MATTHEW STITT CAN take apart a proposed bill and tell you if it's financially feasible, or translate the mayor's $3.75 billion budget into less-wonky language.
But Stitt, the 25-year-old assistant chief financial officer for City Council, doesn't have to crunch numbers to see that his brother Edwin, 12, and the Chestnut Hill Youth Sports Club travel baseball team are kicking butt out there.
And it's only the third inning.
"He's pretty good. Faster than I was at his age. Strong arm," Stitt says Sunday, breaking down his bro's game like a scout.
Their mother, Mary Stitt, chief of staff for city Managing Director Richard Negrin, reveals that Matt is selling himself short.
"Matt was unbelievable as a pitcher," she says. "People used to come to see him. 'He throws fire,' that's what they said."
Edwin Stitt, who steals bases like a young Rickey Henderson, is on the mound now, slinging sidearm pitches. A hitter connects, sending the ball straight back to him on one bounce, but Stitt spears it and throws the boy out.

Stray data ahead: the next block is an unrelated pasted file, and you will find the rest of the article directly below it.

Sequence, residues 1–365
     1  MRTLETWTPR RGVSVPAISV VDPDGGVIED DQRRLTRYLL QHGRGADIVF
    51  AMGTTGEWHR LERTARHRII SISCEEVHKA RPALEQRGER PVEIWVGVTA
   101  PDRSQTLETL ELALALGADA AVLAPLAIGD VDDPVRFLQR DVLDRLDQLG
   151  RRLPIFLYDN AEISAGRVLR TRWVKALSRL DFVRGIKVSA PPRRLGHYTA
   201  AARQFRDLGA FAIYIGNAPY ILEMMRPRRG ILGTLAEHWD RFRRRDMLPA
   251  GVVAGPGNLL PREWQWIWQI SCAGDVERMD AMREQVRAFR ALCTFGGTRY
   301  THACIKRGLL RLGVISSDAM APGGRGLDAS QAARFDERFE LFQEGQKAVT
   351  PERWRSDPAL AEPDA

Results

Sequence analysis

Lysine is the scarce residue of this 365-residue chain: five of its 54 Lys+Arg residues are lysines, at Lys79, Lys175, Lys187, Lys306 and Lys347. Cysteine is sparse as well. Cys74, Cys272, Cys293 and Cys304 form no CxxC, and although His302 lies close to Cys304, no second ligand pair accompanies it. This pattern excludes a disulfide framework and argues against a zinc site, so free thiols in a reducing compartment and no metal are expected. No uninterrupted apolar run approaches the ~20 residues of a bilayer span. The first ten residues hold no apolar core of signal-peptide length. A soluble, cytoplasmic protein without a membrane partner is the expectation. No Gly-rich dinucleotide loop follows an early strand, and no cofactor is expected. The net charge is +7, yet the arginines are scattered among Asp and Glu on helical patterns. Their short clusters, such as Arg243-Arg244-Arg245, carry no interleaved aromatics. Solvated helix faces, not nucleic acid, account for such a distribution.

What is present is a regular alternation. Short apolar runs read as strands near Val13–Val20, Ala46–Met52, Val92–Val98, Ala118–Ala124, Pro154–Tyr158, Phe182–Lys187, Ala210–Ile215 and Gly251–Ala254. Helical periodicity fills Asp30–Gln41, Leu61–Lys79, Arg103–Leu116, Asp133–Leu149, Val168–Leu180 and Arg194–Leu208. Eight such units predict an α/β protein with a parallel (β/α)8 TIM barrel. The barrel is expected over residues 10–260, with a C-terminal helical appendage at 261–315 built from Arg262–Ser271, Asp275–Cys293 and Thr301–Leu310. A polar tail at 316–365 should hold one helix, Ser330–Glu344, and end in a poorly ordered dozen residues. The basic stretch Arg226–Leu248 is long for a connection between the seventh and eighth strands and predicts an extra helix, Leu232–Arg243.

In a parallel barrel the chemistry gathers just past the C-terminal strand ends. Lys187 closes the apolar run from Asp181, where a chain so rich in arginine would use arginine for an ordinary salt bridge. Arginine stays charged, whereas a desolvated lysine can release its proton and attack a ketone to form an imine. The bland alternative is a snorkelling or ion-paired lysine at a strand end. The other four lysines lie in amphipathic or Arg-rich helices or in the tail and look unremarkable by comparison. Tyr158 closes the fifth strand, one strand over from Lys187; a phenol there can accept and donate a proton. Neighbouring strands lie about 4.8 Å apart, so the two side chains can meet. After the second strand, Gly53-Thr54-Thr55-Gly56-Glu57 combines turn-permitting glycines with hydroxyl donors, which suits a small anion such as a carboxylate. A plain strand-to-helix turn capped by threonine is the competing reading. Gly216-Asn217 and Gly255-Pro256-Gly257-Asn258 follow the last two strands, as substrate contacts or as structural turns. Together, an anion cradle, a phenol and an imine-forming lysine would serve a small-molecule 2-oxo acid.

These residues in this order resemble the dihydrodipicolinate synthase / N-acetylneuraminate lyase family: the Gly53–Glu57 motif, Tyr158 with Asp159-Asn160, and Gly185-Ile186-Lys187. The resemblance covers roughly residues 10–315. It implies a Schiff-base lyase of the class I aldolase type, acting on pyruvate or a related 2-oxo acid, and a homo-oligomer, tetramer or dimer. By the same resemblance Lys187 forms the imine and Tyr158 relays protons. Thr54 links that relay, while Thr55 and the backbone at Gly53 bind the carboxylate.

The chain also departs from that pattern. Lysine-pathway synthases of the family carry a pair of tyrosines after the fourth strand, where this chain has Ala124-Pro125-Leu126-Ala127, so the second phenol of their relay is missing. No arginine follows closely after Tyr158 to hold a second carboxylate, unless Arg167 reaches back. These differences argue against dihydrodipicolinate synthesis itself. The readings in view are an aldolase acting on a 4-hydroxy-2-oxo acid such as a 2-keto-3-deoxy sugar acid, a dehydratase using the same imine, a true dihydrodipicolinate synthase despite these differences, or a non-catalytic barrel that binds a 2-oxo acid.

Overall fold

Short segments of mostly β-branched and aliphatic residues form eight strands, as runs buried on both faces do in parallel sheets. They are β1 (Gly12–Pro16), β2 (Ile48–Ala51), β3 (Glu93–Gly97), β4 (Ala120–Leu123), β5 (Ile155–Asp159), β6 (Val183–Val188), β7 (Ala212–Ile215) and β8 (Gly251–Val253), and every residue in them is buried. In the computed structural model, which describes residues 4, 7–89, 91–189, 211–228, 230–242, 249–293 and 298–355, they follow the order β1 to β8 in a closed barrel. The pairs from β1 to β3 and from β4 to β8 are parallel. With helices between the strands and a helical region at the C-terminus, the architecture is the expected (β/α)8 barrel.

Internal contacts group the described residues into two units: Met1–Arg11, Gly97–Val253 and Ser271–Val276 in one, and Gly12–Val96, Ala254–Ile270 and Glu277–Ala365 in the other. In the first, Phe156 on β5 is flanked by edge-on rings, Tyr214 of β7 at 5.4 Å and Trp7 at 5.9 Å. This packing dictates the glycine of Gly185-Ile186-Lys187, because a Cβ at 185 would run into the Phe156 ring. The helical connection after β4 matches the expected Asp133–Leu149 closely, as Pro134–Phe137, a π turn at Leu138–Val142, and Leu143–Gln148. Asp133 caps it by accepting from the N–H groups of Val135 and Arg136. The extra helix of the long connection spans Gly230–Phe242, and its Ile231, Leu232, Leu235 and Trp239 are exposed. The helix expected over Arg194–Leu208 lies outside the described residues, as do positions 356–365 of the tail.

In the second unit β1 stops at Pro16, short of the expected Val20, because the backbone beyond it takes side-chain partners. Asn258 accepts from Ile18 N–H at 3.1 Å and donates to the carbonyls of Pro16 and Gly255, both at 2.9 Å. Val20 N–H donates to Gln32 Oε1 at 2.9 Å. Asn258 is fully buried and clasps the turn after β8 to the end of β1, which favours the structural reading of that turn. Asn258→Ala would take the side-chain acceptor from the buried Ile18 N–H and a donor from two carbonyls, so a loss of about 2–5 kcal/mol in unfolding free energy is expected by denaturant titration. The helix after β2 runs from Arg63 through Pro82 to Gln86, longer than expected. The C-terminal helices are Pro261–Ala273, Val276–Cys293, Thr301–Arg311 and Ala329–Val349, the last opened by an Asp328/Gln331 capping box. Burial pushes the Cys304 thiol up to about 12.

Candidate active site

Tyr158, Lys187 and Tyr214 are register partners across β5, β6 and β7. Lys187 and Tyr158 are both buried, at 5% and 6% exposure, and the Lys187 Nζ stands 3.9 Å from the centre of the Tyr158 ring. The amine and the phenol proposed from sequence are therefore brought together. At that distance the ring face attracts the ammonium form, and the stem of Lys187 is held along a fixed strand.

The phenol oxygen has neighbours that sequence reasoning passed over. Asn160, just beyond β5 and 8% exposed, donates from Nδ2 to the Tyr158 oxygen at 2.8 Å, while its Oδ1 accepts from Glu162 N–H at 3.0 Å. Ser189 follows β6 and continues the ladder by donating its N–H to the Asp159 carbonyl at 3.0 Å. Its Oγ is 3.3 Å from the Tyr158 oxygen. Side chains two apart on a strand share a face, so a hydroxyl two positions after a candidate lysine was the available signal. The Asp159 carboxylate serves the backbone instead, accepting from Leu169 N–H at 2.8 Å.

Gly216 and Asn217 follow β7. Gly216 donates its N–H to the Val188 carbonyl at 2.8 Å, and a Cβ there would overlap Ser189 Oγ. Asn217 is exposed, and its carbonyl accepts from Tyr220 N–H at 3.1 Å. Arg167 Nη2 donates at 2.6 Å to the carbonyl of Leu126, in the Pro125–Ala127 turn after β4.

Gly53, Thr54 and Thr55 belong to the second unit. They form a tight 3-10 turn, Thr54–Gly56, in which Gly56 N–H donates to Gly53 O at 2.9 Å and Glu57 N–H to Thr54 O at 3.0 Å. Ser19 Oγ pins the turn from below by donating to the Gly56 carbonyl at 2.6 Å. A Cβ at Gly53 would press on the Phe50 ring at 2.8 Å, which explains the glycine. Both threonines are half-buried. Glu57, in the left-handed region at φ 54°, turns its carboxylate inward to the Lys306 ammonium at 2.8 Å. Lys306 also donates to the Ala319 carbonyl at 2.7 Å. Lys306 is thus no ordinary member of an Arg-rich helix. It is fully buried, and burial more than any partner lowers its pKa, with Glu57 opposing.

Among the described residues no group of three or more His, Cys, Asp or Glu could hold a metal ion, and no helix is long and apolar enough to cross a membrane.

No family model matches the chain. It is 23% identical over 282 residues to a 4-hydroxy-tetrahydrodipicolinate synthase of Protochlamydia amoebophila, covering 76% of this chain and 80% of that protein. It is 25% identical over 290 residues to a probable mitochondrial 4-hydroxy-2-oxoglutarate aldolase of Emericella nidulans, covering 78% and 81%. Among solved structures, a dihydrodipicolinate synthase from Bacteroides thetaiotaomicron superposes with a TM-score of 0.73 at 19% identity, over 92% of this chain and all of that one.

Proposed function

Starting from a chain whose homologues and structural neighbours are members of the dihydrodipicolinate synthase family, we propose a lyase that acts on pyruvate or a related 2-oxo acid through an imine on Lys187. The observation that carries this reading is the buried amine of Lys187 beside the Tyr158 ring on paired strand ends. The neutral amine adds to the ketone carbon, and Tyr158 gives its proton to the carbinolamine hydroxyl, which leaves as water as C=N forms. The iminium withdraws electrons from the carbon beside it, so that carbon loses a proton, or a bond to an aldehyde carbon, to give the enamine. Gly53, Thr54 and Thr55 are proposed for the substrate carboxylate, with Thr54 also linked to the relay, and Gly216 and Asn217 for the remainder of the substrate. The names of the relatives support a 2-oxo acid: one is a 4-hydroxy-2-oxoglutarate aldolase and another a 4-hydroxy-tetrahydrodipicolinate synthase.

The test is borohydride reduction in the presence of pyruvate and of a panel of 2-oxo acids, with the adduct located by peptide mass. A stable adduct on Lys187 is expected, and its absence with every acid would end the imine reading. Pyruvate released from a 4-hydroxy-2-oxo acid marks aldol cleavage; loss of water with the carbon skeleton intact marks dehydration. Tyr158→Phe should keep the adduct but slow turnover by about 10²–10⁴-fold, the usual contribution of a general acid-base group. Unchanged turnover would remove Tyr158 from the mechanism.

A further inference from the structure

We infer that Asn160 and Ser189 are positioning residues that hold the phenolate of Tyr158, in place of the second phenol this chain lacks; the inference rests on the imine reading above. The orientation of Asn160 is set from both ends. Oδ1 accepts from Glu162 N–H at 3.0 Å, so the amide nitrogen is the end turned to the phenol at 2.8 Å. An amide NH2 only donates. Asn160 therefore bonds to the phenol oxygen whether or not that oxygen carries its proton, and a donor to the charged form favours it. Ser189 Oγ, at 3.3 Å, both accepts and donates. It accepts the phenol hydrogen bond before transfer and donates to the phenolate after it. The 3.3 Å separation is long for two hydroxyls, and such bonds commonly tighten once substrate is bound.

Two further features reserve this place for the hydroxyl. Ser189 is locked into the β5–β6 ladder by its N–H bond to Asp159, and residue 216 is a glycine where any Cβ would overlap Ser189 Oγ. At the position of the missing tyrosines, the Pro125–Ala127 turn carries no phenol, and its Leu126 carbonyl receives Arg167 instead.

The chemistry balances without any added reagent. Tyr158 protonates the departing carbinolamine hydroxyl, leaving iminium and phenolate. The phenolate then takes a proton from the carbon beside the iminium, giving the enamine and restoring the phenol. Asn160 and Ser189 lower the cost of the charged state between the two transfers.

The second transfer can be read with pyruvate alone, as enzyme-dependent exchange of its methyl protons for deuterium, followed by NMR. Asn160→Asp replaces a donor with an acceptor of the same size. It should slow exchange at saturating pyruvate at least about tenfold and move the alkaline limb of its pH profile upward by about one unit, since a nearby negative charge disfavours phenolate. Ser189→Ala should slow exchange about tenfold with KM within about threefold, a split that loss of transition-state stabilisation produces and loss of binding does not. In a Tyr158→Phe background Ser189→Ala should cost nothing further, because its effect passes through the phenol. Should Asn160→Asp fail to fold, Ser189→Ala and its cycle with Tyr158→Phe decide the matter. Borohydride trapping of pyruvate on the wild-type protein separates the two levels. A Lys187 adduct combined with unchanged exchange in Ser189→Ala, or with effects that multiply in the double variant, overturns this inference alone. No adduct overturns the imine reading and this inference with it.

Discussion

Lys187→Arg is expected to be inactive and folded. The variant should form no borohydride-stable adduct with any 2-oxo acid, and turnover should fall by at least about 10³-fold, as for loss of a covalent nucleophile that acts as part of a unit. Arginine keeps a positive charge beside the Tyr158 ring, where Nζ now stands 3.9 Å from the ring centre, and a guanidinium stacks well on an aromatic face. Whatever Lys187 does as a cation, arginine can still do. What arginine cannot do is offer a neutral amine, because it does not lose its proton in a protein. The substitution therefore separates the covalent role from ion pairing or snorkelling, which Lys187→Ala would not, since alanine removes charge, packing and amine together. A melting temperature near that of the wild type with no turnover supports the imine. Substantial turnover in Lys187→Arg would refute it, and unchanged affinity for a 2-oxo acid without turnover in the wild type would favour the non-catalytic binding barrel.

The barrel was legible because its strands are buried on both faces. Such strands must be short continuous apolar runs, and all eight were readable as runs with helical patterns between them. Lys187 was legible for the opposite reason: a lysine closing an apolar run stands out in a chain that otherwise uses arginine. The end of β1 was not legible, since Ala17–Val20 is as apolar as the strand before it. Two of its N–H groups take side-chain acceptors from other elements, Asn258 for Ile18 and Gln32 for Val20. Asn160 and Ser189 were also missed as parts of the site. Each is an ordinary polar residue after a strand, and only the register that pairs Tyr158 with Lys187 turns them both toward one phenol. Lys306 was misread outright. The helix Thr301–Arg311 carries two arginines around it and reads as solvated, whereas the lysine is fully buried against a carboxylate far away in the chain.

"Good job!" says Mom.
Sporting a 76ers hat in the light drizzle, Matt Stitt admits that a certain level of background stress drifts into his weekends these days. After all, it's the middle of budget season.
"I try to relax," he says. "It's the one true day to relax."
Stitt, who lives in East Mount Airy, has a master's in public administration from Penn's Fels Institute of Government, but he says majoring in anthropology at Haverford College has been equally helpful in navigating City Hall.
"It teaches you to put yourself in the other person's shoes. Where are they coming from? What is their goal?" he says. "It's the first thing I think of."
Mary Stitt, of course, is proud.
"You need good-hearted, honest, smart people in government, and you find that in Matt," she says. "He can go from the 'hood to the boardroom and feel comfortable. I hope government doesn't make him a cynic."
- William Bender